Meanwhile the Predator and Reaper drones used by the military continue to record hours of covert video images. The material collected so far is so voluminous that the armed services cannot keep up with all the information.  The New York Times explained the situation last year in an article entitled Military Is Awash In Data From Drones.  With so much information, no one in the intelligence field is likely to be questioning the benefits of these flying robots anytime soon.

The desire to control the skies continues to push us into new territory.

Related post:
Two new planes on the frontiers of civil aviation

Innovative journalism in a digital world

One of the wonders of digital media is its potential to change the way we share information.  For journalists and educators, it's opening up a whole range of interesting possibilities.

A good example is The Guardian newspaper's interactive timeline of the Arab Spring uprisings. The Guardian's detailed graphic tracks events in seventeen North African and Middle Eastern countries, from Algeria to Yemen, along a timeline that began on January 9, 2011, with the first protests in Tunisia. Each country is listed on the bottom of the graph, with a a path moving forward toward the horizon. The "map" has roll-over icons of different colours representing different types of events: protests,  political moves, regime change, and international or external responses.  A  slider device allows you to move forward and backward in time by clicking on it and moving your mouse up or down. Links are supplied to newspaper articles. It's an ingenious, comprehensive tool that has attracted the attention of web surfers.  You can see it here:

Another innovative site is the online home of the Sunlight Foundation, a non-profit, non-partisan group that uses the internet to push for government transparency. It does so by bringing together some impressive data-management tools.  One example is "Poligraft," which scours an article or a web site for information related to points of influence connecting key people featured in a story.  The article is presented on the left side of the page, while the data filter presents a report in a companion column to the right. It shows, for example, aggregated financial contributions by associations to a particular cause or their support for particular politicians.  I tested it by pasting the web address of a Globe and Mail newspaper article about two Toyota plants in Canada. In seconds the right hand column produced a report that highlighted references to General Motors and Chrysler and outlined their relative contributions to the American Democratic and Republican parties in pie chart form.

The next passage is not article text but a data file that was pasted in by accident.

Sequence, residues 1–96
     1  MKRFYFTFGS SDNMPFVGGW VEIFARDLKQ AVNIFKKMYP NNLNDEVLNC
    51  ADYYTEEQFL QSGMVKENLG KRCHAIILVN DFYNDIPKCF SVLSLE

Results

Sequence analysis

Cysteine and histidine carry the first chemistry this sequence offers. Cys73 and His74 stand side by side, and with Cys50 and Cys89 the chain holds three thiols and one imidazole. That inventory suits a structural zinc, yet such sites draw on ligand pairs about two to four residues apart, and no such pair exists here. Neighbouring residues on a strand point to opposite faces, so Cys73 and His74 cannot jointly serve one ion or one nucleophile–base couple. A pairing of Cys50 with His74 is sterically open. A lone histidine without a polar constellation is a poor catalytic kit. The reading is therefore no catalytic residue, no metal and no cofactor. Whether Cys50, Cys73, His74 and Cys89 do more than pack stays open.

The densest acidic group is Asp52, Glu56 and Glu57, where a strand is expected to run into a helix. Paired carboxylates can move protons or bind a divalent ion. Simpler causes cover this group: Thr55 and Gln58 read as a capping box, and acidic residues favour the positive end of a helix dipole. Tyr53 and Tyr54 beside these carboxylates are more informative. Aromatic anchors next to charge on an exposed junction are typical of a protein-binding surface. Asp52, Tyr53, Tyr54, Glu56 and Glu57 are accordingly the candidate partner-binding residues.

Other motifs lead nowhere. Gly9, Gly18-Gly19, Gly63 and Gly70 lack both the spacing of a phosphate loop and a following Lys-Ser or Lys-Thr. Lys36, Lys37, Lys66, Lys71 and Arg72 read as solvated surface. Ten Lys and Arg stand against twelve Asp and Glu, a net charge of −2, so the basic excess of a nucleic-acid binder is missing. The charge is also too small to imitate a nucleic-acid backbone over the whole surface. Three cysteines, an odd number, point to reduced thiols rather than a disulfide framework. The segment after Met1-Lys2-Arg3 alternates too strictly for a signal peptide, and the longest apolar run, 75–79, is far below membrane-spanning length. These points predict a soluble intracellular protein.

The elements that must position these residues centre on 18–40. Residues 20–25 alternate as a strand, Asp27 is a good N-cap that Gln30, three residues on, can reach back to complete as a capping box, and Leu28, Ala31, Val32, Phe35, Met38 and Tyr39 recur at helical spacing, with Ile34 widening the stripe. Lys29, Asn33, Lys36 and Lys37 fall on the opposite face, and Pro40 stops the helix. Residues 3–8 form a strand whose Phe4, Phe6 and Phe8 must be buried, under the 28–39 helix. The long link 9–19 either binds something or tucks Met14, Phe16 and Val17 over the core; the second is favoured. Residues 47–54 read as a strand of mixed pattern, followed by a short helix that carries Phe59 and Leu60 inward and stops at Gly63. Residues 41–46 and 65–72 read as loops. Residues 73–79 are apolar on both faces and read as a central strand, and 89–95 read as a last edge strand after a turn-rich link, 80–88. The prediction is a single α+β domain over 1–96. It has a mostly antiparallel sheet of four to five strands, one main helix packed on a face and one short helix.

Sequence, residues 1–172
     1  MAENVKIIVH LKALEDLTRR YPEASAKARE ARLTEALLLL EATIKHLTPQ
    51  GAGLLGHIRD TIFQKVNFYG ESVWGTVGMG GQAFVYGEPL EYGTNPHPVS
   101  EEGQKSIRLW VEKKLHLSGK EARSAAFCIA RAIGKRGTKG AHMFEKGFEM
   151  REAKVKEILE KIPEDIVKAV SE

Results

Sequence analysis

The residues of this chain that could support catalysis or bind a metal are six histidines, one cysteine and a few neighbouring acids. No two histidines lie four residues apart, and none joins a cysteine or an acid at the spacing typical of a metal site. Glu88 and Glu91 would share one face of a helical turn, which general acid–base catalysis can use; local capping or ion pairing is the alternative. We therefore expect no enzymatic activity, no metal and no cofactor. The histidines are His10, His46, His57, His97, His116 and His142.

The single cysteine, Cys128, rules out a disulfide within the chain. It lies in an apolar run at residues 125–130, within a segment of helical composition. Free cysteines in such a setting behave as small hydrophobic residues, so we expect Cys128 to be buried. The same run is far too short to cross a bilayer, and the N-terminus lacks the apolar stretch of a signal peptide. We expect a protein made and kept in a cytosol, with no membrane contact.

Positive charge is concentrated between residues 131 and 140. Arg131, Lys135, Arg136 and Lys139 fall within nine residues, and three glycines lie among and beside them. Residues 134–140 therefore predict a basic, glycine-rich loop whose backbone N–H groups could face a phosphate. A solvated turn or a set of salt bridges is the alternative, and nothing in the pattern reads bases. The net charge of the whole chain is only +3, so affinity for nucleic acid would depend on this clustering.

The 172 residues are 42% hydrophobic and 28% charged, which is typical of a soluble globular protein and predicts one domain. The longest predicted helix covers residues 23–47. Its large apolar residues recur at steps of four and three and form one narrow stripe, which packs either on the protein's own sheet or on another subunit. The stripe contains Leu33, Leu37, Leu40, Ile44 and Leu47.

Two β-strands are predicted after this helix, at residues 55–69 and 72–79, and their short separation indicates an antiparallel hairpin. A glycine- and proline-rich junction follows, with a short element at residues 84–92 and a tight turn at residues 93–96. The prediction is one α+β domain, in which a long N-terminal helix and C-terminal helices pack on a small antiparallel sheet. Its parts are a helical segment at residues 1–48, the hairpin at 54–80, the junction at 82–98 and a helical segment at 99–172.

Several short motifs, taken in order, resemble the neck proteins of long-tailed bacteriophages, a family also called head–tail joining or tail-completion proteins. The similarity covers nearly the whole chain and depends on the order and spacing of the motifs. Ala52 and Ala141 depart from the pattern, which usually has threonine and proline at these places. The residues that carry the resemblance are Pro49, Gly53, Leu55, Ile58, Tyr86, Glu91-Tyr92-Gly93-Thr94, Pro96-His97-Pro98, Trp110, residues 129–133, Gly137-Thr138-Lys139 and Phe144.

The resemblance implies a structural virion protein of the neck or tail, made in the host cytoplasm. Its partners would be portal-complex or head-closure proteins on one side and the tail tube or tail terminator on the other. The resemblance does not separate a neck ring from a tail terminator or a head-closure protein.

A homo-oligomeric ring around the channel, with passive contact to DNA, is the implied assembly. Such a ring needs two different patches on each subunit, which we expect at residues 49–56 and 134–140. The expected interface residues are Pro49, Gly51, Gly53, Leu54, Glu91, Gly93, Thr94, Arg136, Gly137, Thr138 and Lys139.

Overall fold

The Sunlight Foundation shows you how the tool works here:

Another innovator is Common Craft, a company founded by a Seattle-area couple.  Common Craft presents complex ideas in easy-to-understand cartoon videos.  Here's an example that explains how the U.S. presidential elections work:

Designer Jonathan Jarvis shows another fine use of internet video in explaining the U.S. credit crisis. It was part of his thesis for the Media Design Program at the Art Center College of Design in Pasadena, California.

These innovators show us the great possibilities for digital media and global networks to provide a better understanding of complex issues and the easy dissemination of public information. What a wonderful time it is to be journalist or an educator...